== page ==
Alipius studied his friend’s abstracted face while they ate. Augustine was his former teacher, a cherished friend, and a brother on the journey of seeking the truth. Augustine’s great mind and heart had led Alipius to follow in his footsteps. And now, it was clear that Augustine’s attention wandered far from the fascinating table conversation.
Their guest for lunch, a Christian named Pontitianus, had been describing the life of a holy man, Anthony of Egypt, who was inspiring other Christians—including two of his friends—to dedicate their whole lives to God. Augustine had listened eagerly, until now.
As Pontitianus rose to leave, Alipius said goodbye, then followed Augustine to the next room. As he entered, Augustine whipped around to face to him and almost shouted in agitation, “What are we doing, Alipius? The unlearned are seizing heaven by force and what are we doing? We, with all our knowledge, are heartless cowards, wallowing and sinking in the mire!”
Alipius was astonished, not so much by Augustine’s words but by the anguish in his eyes and tone. Augustine turned and went into the garden, and Alipius followed. He could not desert his friend, whom he had never seen so distressed.
She lies beneath marigolds, tulsi, roses and roses beneath the shade of a neem tree whose leaves have fallen over the roses over her – Then, it’s time she’s carried out on a bed of bamboo: a kathi that’s more like a crooked ladder.
The roses and roses and neem leaves still scattered over her –
By now she’s just like dry wood, her long straight legs the same neem-wood colour and her heart which is beginning to smell, is turning dark, is turning into the neem-bitter-sour smell.
There are six young men with thick hair always falling in their eyes, six young men with enough muscle to please who carry the kathi high on their shoulders.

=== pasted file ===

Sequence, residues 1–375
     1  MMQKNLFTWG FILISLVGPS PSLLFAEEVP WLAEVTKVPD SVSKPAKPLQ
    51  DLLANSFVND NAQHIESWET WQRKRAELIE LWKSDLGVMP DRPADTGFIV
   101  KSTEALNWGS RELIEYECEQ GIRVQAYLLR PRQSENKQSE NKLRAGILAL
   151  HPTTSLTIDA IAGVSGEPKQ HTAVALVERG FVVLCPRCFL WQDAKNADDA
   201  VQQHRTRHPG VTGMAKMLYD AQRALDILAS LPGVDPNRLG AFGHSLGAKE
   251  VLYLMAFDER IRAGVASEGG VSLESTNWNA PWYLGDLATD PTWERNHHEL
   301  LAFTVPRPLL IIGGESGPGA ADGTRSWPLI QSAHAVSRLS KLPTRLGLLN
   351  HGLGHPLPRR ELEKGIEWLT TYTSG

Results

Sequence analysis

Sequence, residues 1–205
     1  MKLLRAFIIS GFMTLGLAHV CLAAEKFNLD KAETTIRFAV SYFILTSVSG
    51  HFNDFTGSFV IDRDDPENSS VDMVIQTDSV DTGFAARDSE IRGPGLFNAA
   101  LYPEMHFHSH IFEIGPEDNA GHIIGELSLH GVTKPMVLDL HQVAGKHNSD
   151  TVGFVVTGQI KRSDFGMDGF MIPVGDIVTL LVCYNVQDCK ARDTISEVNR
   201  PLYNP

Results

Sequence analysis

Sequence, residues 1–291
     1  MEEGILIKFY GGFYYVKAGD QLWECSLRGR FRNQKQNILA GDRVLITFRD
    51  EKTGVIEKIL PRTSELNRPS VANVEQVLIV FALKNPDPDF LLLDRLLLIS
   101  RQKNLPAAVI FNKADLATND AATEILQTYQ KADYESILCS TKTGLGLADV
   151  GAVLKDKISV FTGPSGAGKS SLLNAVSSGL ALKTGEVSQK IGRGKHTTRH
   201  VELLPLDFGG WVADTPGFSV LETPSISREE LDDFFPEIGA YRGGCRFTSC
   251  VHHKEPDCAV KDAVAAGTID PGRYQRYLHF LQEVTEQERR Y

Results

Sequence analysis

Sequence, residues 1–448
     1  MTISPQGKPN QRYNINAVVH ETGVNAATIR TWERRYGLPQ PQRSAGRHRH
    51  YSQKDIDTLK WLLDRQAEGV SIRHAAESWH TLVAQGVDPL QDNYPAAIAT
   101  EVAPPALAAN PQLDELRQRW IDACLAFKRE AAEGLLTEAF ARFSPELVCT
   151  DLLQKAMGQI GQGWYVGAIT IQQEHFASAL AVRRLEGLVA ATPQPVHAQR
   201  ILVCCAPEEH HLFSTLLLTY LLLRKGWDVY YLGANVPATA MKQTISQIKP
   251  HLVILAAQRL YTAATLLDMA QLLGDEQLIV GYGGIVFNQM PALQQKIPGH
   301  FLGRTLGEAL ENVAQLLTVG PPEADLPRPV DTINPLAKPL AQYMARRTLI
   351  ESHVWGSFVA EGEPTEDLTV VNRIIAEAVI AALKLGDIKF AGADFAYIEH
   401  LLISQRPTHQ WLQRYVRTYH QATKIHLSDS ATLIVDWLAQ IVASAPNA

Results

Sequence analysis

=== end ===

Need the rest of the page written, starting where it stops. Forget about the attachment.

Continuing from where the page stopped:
So high that I don’t even see her white sari bundled up shape underneath which she is becoming neem, neem green and brown.
Not allowed to watch I watched thinking, that’s how I want to leave one day.
The six young men keep walking beyond the neem trees, beyond the trails into some open and useless field.
They keep walking with their heads held still and high despite all the hair falling into their eyes.
In writing Donald Winnicott’s commemoration I find that I I strongly identify with him. Throughout his life Winnicott struggled against compliance, conformism, and submission. It is scarcely surprising there has not been any Winnicottian school and that no one is called his disciple, even those closest to him. As I feel a certain continuity exists between Winnicott and myself, I shall not provide a submissive account of his ideas, even though I do think he was the most creative mind in psychoanalysis, after Freud.
When Winnicott gave his first lecture to the British Psychoanalytical Society, on 28 November 1945, on the subject of “Primitive emotional development”, he said it was like the introduction to a book. He expounded his original method: ideas were not formed from other theories. He confessed that in building his own theory, he gathered elements from various sources and “related them to his clinical experience”, but was prepared to examine in due course the few things he “stole” here and there from others. However, my concern here is not what Winnicott is said to have “stolen” from others, but rather what his own theory chose to leave out and would not embrace.
Eclipse 3.0 is on the way, and we'll get a look at what's
coming in this chapter. As of this writing, 3.0 is still in beta
This chapter is going to use the most recent beta of Eclipse 3.0,
milestone build 6. Eclipse 3.0 is being designed to be as compatible as
possible with Versions 2.0 and 2.1, and the update team says, "We will
provide a comprehensive Eclipse 3.0 Porting Guide that covers all areas
of breaking API changes, and describes how to port existing 2.1 plug-ins
to 3.0." You'll also be able to import 2.0 and 2.1 projects into 3.0,
but you'll get a dialog saying that the project needs to be modified and
probably won't work with earlier versions after that, so make sure you
copy your projects first.
At this point, Eclipse 3.0 looks a lot like Eclipse 2.1,
as you can see in Figure
Figure13-1.The current build of Eclipse 3.0
As we're going to see, some new buttons, menu choices, and views
have appeared, but fundamentally, Eclipse 2.0 users will have no
difficulty slipping right into this new version of Eclipse.